"IF EXERCISE WAS A PILL, EVERYBODY WOULD BE ON IT"
This is one of the best. It will likely go into my powerpoint presentations for patients and providors. Fitness is likely as important as weight control - we all have to find what works for us.
For me, there are two separate issues. The first is motivation. Daily habits are tough to create, but I am making it an appointment with myself to set aside the time and get into the clothes, even if the activity is uninspired.
The second is the type of activity. The gym is the easiest, not very hard to get to, doesn't take much time. Outdoors is much more fun, though!
"MORE OF OUR PATIENTS DIE WAITING FOR SURGERY THAN AS A RESULT OF IT" -Randal Baker MD Grand Rapids, Michigan
Wish this were better understood out there. Surgery is serious, and a dramatic event. Deaths from disease seem to happen more "randomly" or "out of nowhere". A perfect example of this is the death of Kirby Puckett. His obesity is mentioned as a problem, but nowhere is it mentioned that his major medical problems could have been largely controlled with weight loss surgery (not an aneurysm, though).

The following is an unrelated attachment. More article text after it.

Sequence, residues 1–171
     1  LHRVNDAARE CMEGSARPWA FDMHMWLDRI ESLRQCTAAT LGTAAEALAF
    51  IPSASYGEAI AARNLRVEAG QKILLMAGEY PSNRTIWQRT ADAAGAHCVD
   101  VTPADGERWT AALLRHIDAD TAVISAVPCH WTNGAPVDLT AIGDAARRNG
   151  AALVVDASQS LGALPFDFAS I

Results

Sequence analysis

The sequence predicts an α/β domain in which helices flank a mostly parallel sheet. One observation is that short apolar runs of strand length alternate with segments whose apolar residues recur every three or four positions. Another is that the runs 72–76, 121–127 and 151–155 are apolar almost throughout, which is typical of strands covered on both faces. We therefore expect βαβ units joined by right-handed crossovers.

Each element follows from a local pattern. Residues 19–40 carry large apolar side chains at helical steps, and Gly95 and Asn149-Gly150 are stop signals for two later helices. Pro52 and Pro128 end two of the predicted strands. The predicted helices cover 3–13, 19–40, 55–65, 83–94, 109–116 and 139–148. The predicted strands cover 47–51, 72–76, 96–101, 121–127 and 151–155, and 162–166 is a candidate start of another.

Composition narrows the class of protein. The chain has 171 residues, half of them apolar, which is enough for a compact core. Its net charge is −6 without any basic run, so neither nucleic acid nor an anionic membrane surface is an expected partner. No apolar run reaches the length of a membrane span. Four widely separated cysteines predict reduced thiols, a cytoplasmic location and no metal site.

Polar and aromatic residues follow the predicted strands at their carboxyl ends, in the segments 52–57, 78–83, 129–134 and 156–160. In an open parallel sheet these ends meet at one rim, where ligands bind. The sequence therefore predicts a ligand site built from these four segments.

How about the other way of thinking? Do we ever attribute a death to a failure of NONSURGICAL management? The answer is yes - we would call it a failure if someone were not referred for surgery for acute appendicitis, or surgery weren't considered for abdominal aortic aneurysm, or colon cancer or an abscess to name just a few. Even if the widely quoted number of 300,000 deaths per year is an overestimate, we can still safely say that THOUSANDS are dying every year without even being offered surgery as an option! Even then, is their primary or specialty treating physician educating the patient which route is actually riskier?